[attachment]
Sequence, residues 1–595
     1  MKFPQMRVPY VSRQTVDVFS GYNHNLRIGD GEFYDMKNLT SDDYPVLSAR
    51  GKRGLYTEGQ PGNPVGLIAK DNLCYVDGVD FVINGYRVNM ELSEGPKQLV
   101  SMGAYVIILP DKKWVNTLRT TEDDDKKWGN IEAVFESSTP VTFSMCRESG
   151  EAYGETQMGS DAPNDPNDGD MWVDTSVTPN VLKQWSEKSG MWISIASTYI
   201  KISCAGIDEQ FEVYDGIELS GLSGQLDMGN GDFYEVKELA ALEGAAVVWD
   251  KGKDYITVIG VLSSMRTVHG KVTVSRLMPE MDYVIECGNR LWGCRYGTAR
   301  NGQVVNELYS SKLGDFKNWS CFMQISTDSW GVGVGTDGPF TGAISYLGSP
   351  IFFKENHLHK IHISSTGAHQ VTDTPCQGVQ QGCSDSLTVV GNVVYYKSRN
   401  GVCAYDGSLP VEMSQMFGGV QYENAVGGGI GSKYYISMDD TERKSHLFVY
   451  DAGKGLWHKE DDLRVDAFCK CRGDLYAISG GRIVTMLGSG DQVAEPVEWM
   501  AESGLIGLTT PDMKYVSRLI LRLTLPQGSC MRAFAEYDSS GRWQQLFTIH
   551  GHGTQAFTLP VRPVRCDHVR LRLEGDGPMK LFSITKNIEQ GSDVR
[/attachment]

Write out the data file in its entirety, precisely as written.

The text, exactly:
Sequence, residues 1–595
     1  MKFPQMRVPY VSRQTVDVFS GYNHNLRIGD GEFYDMKNLT SDDYPVLSAR
    51  GKRGLYTEGQ PGNPVGLIAK DNLCYVDGVD FVINGYRVNM ELSEGPKQLV
   101  SMGAYVIILP DKKWVNTLRT TEDDDKKWGN IEAVFESSTP VTFSMCRESG
   151  EAYGETQMGS DAPNDPNDGD MWVDTSVTPN VLKQWSEKSG MWISIASTYI
   201  KISCAGIDEQ FEVYDGIELS GLSGQLDMGN GDFYEVKELA ALEGAAVVWD
   251  KGKDYITVIG VLSSMRTVHG KVTVSRLMPE MDYVIECGNR LWGCRYGTAR
   301  NGQVVNELYS SKLGDFKNWS CFMQISTDSW GVGVGTDGPF TGAISYLGSP
   351  IFFKENHLHK IHISSTGAHQ VTDTPCQGVQ QGCSDSLTVV GNVVYYKSRN
   401  GVCAYDGSLP VEMSQMFGGV QYENAVGGGI GSKYYISMDD TERKSHLFVY
   451  DAGKGLWHKE DDLRVDAFCK CRGDLYAISG GRIVTMLGSG DQVAEPVEWM
   501  AESGLIGLTT PDMKYVSRLI LRLTLPQGSC MRAFAEYDSS GRWQQLFTIH
   551  GHGTQAFTLP VRPVRCDHVR LRLEGDGPMK LFSITKNIEQ GSDVR